If we accept this definition of Charity as the soul of the Church and if we accept the principle of unity given above, that means that there is no Church without Charity. In fact, we can also say that Charity is included in the theological mark of holiness.

At this point, there is another difficulty. What about the sinners who have lost Charity? We know that a mortal sin doesn’t exclude a sinner from the Church, except by sins against the unity of the Church: apostasy, heresy or schism. The fact is that it is not necessary to have Charity in order to be a member of the Church. Saint Robert Bellarmine is right when he says that “the Church is the community of the faithful united by the profession of the true Christian Faith and the communion of the same Sacraments, under the government of the legitimate pastors, especially the only Vicar of Christ on earth, the Roman Pontiff.” We must hold this definition in order to refute the Protestant theses of the invisible Church. The purpose of Saint Robert Bellarmine was to give a definition of the Church which makes her as visible as “the Kingdom of France or the Republic of Venice” are.

We have here the definition of the Church given by Robert Bellarmine the theologian. There would be another definition of the Church lived by Robert Bellarmine the Saint. Those two definitions don’t oppose each other, but the second one is more a matter of the heart. It is more crucial that we actually practice it in our lives than to be described in books. In fact you have to be a Saint to write it in a book. Saint Therese of Lisieux did it:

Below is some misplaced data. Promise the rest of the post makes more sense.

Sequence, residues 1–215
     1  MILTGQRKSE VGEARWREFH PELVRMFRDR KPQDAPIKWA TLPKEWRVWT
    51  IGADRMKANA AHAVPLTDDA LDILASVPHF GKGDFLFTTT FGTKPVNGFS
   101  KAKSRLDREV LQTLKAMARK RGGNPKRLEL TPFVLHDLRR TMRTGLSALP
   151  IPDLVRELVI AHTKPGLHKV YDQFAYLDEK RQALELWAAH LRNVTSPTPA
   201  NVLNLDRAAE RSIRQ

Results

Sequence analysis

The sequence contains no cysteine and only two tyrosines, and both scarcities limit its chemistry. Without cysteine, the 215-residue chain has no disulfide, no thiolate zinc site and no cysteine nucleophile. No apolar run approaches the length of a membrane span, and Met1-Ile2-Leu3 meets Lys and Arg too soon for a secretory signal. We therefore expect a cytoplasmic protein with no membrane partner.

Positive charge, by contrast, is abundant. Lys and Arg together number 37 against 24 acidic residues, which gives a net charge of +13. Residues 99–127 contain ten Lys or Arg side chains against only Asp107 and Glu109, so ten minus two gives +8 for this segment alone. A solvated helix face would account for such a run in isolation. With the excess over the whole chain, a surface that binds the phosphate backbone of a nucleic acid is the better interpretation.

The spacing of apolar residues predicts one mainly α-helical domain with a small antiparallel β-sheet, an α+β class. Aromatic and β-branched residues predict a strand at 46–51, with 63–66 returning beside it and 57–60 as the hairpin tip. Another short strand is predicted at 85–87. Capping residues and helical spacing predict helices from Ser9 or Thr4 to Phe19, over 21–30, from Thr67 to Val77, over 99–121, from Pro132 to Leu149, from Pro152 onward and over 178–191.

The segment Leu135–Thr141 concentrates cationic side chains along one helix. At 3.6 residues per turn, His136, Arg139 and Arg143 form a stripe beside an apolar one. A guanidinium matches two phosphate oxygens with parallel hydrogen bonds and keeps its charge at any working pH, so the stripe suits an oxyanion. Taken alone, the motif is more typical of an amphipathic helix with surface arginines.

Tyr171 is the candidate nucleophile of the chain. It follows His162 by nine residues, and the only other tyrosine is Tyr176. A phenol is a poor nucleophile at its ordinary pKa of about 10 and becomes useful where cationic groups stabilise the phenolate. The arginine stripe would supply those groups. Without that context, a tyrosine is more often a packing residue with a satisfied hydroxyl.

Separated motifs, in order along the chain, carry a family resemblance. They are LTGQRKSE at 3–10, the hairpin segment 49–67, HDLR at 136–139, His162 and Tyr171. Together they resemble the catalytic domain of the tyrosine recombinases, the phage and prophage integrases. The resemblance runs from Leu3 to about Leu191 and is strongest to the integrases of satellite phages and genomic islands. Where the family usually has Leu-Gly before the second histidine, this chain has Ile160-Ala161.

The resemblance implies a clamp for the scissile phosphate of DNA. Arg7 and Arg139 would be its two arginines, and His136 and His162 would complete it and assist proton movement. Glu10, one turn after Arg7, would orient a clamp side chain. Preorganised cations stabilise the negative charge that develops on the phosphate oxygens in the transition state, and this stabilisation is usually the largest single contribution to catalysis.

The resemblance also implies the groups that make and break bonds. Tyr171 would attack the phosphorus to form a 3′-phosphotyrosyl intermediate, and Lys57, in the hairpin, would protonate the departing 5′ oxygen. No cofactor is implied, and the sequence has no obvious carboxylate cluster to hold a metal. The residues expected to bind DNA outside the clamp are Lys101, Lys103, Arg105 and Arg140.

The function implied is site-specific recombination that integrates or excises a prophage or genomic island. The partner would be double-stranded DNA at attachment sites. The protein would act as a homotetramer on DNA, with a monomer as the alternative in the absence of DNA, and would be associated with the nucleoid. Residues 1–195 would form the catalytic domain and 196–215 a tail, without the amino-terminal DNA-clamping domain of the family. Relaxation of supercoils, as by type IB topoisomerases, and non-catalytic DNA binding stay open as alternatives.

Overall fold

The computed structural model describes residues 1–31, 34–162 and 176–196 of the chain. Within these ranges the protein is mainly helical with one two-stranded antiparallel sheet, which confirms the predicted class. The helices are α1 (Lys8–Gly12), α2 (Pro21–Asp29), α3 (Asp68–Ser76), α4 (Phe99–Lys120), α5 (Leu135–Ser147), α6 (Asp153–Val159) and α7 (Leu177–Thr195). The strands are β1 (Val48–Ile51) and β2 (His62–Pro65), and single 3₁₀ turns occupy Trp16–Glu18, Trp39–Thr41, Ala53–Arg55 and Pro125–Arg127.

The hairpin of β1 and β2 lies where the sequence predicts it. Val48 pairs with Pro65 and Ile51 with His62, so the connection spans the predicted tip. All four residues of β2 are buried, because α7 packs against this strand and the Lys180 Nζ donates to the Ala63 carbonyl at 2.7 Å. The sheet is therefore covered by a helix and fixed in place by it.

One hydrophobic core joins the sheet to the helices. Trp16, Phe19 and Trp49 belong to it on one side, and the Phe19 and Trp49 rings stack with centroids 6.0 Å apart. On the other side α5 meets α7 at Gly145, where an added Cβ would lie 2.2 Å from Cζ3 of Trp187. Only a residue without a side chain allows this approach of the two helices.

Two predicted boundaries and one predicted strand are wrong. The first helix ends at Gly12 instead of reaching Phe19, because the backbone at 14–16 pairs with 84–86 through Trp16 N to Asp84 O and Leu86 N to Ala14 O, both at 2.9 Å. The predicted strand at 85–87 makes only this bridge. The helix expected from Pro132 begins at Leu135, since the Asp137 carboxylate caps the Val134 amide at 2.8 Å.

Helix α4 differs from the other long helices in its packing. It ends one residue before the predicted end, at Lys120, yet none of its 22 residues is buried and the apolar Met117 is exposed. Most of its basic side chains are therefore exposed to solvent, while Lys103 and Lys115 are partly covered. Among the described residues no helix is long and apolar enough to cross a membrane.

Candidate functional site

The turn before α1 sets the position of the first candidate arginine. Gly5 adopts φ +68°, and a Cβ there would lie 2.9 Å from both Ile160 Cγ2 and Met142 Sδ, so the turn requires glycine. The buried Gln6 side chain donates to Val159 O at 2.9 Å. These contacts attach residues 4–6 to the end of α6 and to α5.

“Considering the mystical Body of the Church, I couldn’t recognize myself in any members described by Saint Paul, or rather I wanted to recognize myself in all. I understood that if the Church had a body composed of different members, the most necessary, the noblest of all couldn’t miss her. I understood that the Church has a Heart and that this heart is burning of Love. I understood that only Love makes the members of the Church act. If this Love comes to die, the Apostles will not announce the Gospel, the Martyrs will refuse to shed their blood. I understood that Love includes all the vocations, that Love was everything and embraces all the times and all the places, in one word that Love is eternal. Then in the excess of my delirious joy I cried out: O Jesus, my Love: my vocation, at last I have found it...My vocation is Love! Yes I found my place in the Church, and you gave me this place, O my God; in the Heart of the Church my Mother, I will be Love. Then I will be all and my dream will be achieved."

Dear Brethren, we pray during this week – and I hope not only during this week – for the unity of the Church, so that the members of all the other Churches will return into the only Church of Jesus-Christ which is the Catholic Church. But don’t forget also the members of the Church who have lost Charity. They need it and they will regain Charity through the intercession of the Saints. They are still members of the Mystical Body and can benefit from the Charity of the members in state of grace. Let us pray for ourselves so that our Charity may be greatly improved and we can be signs of the Love of God in the world.
May Our Blessed Mother grant us the grace to share her love with all the Saints, united around Our Lord Jesus Christ principle and end of all Love.